Tantrums a cry for help

The Niagara Falls Review - - Arts & Life - DEAR EL­LIE

Q. When my fi­ancé and I got en­gaged, our fam­i­lies were happy, ex­cept for my fi­ancé’s sis­ter.

He had ear­lier con­fided he loved his younger sis­ter, 23, but she was spoiled and never held ac­count­able for her ac­tions.

They weren’t close. I soon saw all this for my­self.

His sis­ter chose not to come to our en­gage­ment party as so­cial in­ter­ac­tions al­legedly trig­ger her anx­i­ety.

I suf­fer from anx­i­ety so I un­der­stood. How­ever, she never of­fered con­grat­u­la­tions but spoke in­stead about how her older brother get­ting mar­ried is also a trig­ger for her.

My fi­ancé chose my brother as a grooms­man as they’re close.

We chose to not in­clude his sis­ter as my fi­ancé fig­ured it’d be a trig­ger and she has a rep­u­ta­tion for “tantrums” when things aren’t about her.

She does get monthly men­tal health coun­selling and has med­i­ca­tion for anx­i­ety.

I felt badly, but he said it’d be the best de­ci­sion.

When his sis­ter and mother learned she’d be ex­cluded, my fu­ture mother-in-law froze me out.

His sis­ter spent Christ­mas (at my fam­ily home with all my fam­ily present) cry­ing and claim­ing abuse and ne­glect.

She spent two days be­rat­ing my fi­ancé — even bring­ing up past girl­friends.

She also told a cousin’s wid­owed fi­ancée that it’d be too hard for her to at­tend his fu­neral.

For ev­ery planned get-to­gether, she feels the need to dis­cuss how this is hard for her.

My fu­ture MIL doesn’t feel it’s fair that my fam­ily’s rep­re­sented at the wed­ding more than his, and that his sis­ter is be­ing left out.

She will likely have a big tantrum at the wed­ding, cre­at­ing a riff be­tween my fam­ily and theirs, as well as be­tween my fi­ancé and my­self. How do I han­dle this?

A. His sis­ter’s re­ac­tions are part of an on­go­ing men­tal health is­sue, more sig­nif­i­cant than a po­ten­tial one-day wed­ding drama.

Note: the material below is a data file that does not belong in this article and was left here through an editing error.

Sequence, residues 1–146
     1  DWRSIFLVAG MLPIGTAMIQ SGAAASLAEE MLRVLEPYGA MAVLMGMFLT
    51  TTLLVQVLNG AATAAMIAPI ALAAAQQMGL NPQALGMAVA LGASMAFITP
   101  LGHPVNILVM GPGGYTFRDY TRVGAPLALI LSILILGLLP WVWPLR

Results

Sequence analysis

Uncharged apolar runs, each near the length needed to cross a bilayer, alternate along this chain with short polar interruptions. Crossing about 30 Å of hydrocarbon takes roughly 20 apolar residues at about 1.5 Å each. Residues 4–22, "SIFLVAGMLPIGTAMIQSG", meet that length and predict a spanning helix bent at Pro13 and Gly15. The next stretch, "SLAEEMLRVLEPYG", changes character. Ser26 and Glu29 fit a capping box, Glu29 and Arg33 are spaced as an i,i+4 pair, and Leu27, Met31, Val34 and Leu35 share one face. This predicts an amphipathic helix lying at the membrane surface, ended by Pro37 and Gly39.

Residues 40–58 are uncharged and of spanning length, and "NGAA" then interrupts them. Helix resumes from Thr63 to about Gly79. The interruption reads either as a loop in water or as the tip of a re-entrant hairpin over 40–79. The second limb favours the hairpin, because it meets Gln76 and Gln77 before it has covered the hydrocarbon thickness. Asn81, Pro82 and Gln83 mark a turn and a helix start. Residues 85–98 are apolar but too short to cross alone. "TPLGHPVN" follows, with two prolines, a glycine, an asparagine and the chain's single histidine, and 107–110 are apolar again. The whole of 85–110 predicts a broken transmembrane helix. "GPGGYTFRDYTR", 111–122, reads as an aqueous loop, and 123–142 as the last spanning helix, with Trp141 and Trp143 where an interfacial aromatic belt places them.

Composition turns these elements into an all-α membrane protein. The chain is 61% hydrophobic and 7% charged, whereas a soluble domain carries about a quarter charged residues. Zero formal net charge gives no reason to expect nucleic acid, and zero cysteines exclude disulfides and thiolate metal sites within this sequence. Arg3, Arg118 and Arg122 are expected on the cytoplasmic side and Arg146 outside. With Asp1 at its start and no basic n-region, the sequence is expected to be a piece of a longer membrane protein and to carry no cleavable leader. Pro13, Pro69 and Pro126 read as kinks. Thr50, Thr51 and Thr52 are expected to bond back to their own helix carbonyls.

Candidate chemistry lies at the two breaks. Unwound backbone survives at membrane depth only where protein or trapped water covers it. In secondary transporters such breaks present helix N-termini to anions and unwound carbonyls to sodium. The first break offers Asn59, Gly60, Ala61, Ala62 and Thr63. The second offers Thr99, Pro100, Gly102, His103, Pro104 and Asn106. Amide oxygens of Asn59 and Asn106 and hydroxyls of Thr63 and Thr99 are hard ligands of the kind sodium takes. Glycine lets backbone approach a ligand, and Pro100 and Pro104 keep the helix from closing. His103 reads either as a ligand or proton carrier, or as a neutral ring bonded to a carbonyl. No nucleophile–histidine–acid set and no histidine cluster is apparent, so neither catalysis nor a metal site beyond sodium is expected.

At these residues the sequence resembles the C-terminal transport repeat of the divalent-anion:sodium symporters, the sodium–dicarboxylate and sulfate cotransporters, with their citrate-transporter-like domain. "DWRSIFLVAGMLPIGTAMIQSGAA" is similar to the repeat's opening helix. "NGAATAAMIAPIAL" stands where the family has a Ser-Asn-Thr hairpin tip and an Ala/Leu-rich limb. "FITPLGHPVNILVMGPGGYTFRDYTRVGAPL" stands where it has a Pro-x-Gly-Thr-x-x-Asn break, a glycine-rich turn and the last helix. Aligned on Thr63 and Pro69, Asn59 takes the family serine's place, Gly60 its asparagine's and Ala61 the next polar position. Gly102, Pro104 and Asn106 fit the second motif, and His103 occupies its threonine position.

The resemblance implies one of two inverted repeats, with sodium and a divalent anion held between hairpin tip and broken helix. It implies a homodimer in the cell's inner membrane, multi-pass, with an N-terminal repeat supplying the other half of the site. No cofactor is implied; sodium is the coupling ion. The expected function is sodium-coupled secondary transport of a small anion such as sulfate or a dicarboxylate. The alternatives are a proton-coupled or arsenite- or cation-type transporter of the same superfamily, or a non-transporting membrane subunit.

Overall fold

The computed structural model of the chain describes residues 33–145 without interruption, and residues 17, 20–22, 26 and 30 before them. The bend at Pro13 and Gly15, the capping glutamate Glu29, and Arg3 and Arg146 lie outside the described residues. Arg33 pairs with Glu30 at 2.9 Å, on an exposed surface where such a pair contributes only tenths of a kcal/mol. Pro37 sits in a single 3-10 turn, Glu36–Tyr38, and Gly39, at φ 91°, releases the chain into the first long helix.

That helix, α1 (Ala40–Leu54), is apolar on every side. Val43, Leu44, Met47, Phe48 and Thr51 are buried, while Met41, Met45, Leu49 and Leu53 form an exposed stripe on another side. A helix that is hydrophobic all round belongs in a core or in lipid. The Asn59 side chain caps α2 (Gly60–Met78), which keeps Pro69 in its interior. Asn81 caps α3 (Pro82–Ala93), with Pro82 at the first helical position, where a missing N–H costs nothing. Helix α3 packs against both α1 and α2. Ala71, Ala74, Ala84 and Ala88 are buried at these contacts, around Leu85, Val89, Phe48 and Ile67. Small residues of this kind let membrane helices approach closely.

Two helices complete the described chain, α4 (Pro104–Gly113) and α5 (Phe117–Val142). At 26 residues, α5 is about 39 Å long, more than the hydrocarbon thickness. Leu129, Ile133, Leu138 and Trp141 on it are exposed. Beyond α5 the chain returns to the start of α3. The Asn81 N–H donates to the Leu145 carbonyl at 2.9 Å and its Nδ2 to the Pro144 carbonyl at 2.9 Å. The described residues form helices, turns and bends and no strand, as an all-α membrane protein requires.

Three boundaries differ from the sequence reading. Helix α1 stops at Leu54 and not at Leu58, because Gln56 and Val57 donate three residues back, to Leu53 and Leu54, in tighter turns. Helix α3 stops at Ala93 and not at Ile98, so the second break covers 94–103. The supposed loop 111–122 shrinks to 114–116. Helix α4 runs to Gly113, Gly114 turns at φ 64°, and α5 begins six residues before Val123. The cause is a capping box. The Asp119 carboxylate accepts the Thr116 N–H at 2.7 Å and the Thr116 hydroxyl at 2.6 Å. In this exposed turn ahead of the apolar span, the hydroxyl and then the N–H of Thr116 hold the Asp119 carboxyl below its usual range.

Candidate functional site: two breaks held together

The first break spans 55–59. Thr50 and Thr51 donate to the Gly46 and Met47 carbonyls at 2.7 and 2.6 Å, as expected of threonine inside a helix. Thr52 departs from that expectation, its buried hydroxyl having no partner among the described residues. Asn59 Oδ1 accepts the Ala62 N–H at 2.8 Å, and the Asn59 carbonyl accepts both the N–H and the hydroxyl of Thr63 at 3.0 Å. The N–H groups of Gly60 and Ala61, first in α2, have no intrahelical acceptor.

Your fi­ancé, his sis­ter, and now both your fam­i­lies, know this young woman has real anx­i­ety is­sues and yes, “trig­gers,” too.

Her brother can’t ex­pect to ex­clude her from ev­ery im­por­tant oc­ca­sion which will arise over the next years — the wed­ding, your first child, mov­ing to a new home, etc.

She needs fam­ily sup­port, start­ing with a men­tal health spe­cial­ist’s plan for in­creased at­ten­tion with close study of her med­i­ca­tion regime.

Her tantrums, upset­ting to oth­ers, are nev­er­the­less a cry for help and un­der­stand­ing.

She’ll be part of his and your im­me­di­ate fam­ily through­out your years to­gether.

You right­fully felt badly about his de­ci­sion and have ex­pe­ri­enced anx­i­ety your­self which, you can be grate­ful, has been man­age­able.

The wed­ding is one day and will be full of hap­pi­ness.

Raise your em­pa­thy level about her life. You two need a bet­ter way of deal­ing with her pres­ence and be­hav­iour than his just de­cid­ing when she can be ex­cluded.

I grew up next door to chil­dren my age whose un­mar­ried aunt had phys­i­cal and men­tal health prob­lems but was in­cluded in ev­ery­thing they did.

We all learned com­pas­sion through her. To­day’s ad­vances stress not iso­lat­ing those with men­tal health prob­lems.

In­clude her in the wed­ding, in what­ever she thinks she can han­dle.

No sec­ond dates

Feed­back: Re­gard­ing a woman who lamented that no one ever called her for a sec­ond date.

“She said that she asked ques­tions dur­ing her first in-per­son meet­ings with men.

“She likely doesn’t re­al­ize that ques­tions can ap­pear as (and of­ten are) cross-ex­am­i­na­tions of mate-wor­thi­ness.

“Who’d want a sec­ond date af­ter that? “She should scale back her first-date ex­pec­ta­tions to sim­ple, pleas­ant, so­cial in­ter­ac­tions.”

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